Telluride Med Center: New Laws, Prescribing & Dispensing Opioids

On May 21 Colorado became the latest state to sign into law guidelines for the prescribing and dispensing of opioids. Telluride Med Center will be complying with those rules.

Dr. Sharon Grundy, director primary care, Telluride Medical Center

The new law, which is effective immediately, puts a limit on initial opioid prescriptions and requires physicians to screen patients on the state Prescription Drug Monitoring Program database upon the first refill.

The aim is to reduce the risk of nonclinical use, misuse or abuse of opioid medication.

According to the Colorado Department of Regulatory Agencies, in 2012, over 25 million adults in the United States reported experiencing pain on a daily basis. That same year, over 259 million prescriptions for opioids were written.

In 2013, the misuse and abuse of prescription opioids in Colorado and across the United States evolved into a public health epidemic leading to drug addiction, overdose deaths and increased costs to society.

“As health professionals and care providers we have a distinct responsibility to both help patients manage pain and improve function, while also working with them to prevent addiction, overdose or death,” says Dr. Sharon Grundy, director of primary care at the Telluride Regional Medical Center.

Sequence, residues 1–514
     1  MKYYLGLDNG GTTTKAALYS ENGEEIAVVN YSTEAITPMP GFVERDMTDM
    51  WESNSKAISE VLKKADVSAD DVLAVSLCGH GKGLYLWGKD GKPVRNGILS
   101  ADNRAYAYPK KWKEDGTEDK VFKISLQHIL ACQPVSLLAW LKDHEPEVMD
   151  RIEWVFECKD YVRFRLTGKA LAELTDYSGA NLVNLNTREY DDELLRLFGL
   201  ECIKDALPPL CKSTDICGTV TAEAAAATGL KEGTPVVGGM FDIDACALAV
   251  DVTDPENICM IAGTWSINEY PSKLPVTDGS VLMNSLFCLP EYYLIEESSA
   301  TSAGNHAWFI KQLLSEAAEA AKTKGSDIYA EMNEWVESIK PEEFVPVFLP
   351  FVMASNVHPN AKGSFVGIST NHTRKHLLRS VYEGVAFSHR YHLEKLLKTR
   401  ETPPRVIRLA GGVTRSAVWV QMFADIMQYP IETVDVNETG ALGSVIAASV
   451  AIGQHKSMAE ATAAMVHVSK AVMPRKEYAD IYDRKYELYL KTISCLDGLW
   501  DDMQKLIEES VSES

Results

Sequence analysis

“In that regard, we’ve long taken special care when prescribing opioids,” adds Dr. Grundy.

The new law, however, will change how Dr. Grundy and her team prescribe.

According to Dr. Grundy, patients currently prescribed long-term narcotics will continue to meet with their provider for follow-up appointments so providers can review medication regimens and ensure opioids are appropriate for the symptoms, as well as assess risk of misuse and medication dependence.

For patients seen for new acute injuries and opioid medication is designated as the appropriate treatment, the patient will be assessed for risk of misuse and reviewed for recent controlled substance prescriptions through the The Colorado Prescription Drug Monitoring Program. Additionally prescriptions will be limited to seven days. Refills will require an office visit.

For all patients, when considering opioid prescriptions, providers will continue to look at alternative or integrative non-opioid treatments.

Telluride Regional Medical Center provides the highest quality, comprehensive Primary Care and exceptional Emergency/Trauma Services. Since 1978, the medical center has evolved, wherever possible, right along with complex healthcare technologies and population growth while remaining within the 10,000-square-foot remodeled building, built in the 1960s.

Currently the Telluride Hospital District is working to secure a site for a new facility to serve the needs of the region today, tomorrow and 50 years into the future.

Comments are closed.